Leading article: Good advice

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Professor Ian Loader's letter to Tony Blair is a devastating critique of the Government's entire approach to crime. And the fact that Professor Loader, director of the Oxford Centre for Criminology, was directly recruited to advise the Prime Minister on the subject makes it doubly damaging.

Professor Loader's letter is measured, polite and yet utterly crushing in its criticism of Mr Blair: "You seem to take the view that the role of government is to act as an uncritical cipher for public anger and demands." And then: "It often sounds as if you think the criminal justice system is a delivery arm of government." Indeed. Anyone who has paid attention to Mr Blair's many public pronouncements on crime and antisocial behaviour will recognise this characterisation. Also resonant is Professor Loader's observation that: "You run the risk of raising public expectations in what the criminal justice can deliver." We have a hysterical public discourse on crime, largely thanks to the rhetoric coming out of Downing Street and the Home Office.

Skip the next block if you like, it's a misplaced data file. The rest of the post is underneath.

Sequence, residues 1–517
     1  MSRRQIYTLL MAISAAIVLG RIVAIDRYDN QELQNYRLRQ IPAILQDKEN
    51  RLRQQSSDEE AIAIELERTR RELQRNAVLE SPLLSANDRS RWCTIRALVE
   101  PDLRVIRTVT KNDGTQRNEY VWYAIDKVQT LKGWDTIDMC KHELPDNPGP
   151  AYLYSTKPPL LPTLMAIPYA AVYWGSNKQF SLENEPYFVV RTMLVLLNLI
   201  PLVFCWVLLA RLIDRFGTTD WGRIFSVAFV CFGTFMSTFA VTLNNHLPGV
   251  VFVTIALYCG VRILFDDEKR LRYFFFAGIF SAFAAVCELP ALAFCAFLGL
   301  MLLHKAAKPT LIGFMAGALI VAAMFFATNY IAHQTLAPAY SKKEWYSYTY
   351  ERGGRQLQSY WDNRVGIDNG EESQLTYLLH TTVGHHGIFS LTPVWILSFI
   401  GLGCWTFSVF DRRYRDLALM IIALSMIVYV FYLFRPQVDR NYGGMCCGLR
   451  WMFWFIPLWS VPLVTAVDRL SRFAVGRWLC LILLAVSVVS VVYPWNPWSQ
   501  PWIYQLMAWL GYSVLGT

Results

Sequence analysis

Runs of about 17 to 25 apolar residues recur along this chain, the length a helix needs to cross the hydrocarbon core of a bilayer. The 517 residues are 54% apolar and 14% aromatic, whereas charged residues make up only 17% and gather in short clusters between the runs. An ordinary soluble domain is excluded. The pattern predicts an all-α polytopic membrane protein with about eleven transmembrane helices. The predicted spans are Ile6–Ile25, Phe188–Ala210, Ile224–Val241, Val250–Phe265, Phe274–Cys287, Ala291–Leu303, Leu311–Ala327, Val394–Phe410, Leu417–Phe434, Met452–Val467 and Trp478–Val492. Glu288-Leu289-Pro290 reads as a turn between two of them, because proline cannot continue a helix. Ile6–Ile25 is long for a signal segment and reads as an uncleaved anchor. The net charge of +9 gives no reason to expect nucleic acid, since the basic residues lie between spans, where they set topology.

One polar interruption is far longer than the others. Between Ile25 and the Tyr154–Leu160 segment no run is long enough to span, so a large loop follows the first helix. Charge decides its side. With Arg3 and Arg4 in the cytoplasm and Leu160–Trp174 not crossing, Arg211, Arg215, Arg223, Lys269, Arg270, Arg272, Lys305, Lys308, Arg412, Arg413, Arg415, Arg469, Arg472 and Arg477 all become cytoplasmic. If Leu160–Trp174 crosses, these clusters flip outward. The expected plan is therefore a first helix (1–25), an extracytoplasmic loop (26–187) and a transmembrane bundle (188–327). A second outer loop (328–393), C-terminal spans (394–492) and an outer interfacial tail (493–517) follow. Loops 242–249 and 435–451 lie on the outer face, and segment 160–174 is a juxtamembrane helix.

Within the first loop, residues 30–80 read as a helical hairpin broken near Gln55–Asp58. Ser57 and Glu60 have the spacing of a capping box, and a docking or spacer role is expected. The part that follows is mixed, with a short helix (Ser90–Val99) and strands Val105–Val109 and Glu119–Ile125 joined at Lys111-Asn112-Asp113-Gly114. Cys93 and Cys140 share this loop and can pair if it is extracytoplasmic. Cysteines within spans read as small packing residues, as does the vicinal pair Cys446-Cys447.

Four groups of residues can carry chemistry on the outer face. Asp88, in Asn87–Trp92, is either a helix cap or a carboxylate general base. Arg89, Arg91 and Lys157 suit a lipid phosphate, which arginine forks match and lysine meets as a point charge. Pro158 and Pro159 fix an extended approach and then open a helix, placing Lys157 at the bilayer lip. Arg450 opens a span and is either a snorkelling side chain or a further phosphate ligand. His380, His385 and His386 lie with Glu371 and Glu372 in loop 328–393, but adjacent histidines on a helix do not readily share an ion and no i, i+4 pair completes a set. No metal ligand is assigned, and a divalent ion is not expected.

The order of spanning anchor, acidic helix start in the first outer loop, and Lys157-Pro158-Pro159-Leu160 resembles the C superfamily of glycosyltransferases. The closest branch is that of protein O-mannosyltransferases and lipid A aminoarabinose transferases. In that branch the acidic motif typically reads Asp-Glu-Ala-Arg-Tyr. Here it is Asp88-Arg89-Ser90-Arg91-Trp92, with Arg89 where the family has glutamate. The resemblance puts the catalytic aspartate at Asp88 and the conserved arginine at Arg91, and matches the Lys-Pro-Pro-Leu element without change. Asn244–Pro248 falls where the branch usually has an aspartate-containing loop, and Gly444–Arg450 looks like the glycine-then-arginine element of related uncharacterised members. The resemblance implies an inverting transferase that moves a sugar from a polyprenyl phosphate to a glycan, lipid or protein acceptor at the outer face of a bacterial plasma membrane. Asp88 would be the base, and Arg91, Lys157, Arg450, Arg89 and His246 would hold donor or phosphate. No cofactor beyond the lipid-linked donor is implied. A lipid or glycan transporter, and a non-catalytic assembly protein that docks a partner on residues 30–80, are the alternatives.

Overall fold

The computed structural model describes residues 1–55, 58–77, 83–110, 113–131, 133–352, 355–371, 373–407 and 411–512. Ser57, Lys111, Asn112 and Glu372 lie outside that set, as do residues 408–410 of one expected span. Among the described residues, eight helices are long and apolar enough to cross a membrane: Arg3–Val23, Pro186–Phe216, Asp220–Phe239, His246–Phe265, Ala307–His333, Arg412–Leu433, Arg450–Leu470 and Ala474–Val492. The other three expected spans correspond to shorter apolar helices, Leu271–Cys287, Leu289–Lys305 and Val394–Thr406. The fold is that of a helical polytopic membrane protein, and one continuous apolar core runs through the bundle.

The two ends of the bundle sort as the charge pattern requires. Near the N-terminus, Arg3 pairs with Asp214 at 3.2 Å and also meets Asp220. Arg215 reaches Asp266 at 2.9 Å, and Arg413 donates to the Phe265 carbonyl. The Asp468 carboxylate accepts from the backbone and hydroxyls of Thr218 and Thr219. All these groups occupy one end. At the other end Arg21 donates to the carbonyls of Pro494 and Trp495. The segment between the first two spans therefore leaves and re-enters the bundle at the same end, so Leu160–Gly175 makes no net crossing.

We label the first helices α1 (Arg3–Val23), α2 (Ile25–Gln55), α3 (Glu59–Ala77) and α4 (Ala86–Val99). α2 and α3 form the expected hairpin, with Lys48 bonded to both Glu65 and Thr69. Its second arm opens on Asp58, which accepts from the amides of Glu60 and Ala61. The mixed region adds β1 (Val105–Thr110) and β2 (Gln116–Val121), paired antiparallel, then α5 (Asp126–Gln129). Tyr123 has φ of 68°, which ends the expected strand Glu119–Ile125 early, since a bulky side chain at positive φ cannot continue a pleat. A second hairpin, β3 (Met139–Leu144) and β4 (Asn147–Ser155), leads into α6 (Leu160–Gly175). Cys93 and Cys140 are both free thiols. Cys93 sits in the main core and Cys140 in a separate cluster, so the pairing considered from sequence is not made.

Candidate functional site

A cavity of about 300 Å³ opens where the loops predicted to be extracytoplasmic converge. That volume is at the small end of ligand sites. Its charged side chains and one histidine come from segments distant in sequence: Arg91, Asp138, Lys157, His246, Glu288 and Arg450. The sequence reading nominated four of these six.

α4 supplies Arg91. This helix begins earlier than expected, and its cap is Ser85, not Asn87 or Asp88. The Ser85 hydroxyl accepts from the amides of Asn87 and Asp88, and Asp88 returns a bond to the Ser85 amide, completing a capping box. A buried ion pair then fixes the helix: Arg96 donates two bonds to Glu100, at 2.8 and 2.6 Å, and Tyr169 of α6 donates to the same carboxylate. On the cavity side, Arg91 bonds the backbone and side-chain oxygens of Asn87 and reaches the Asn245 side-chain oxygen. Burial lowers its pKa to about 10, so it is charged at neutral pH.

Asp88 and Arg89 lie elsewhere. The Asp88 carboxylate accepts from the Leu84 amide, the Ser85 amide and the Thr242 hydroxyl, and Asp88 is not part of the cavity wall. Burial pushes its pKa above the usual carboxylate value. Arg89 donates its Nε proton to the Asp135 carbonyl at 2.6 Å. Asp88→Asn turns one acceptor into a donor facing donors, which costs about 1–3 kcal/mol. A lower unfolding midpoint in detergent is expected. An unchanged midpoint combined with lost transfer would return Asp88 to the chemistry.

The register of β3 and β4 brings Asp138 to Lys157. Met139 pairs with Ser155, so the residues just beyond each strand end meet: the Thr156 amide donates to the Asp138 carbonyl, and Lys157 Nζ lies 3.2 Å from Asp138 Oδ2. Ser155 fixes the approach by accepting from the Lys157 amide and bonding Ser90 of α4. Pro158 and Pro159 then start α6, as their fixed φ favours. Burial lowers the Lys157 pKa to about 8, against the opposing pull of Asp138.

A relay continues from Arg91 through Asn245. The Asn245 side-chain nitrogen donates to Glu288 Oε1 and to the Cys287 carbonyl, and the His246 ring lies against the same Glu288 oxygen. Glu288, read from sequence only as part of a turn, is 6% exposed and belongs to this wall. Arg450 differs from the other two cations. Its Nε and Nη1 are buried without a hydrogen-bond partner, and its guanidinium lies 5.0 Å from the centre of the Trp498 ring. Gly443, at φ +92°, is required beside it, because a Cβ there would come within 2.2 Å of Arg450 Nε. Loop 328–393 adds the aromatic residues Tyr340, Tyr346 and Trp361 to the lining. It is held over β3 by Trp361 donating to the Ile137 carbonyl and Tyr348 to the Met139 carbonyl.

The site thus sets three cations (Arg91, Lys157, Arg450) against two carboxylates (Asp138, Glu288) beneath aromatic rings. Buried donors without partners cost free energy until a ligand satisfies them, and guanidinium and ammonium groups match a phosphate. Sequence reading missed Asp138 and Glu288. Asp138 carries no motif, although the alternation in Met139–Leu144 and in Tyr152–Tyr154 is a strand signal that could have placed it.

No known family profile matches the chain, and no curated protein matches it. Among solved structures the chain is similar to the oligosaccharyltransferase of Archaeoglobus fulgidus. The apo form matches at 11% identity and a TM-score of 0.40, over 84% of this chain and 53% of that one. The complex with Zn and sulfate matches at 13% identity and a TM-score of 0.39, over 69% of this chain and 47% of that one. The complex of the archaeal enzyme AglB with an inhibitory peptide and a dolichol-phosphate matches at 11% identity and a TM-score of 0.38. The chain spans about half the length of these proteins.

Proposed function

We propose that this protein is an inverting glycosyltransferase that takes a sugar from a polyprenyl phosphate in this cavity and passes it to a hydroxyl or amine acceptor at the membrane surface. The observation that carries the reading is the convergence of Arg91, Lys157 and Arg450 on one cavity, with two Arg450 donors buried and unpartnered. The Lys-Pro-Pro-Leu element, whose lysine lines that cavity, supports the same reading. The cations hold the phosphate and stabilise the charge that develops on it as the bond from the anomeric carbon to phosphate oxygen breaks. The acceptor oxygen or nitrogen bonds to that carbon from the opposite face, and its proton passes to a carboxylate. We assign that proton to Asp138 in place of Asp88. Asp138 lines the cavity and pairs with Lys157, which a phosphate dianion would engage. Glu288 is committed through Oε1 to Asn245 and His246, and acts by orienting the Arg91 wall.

There have been over 40 Criminal Justice Bills since 1997. But, as Professor Loader remarks, producing ever more laws "is like putting a plaster on a broken leg". Whatever happened to the Labour leader who promised to be "tough on the causes of crime"?

Now that even one of his personal advisers has criticised his approach, will the Prime Minister listen? Mr Blair is due to deliver a speech on crime today. Early indications are that he will pledge, once again, to "rebalance the criminal justice system in favour of victims". Depressingly, it seems we will have to put up with such populist nonsense for some time yet.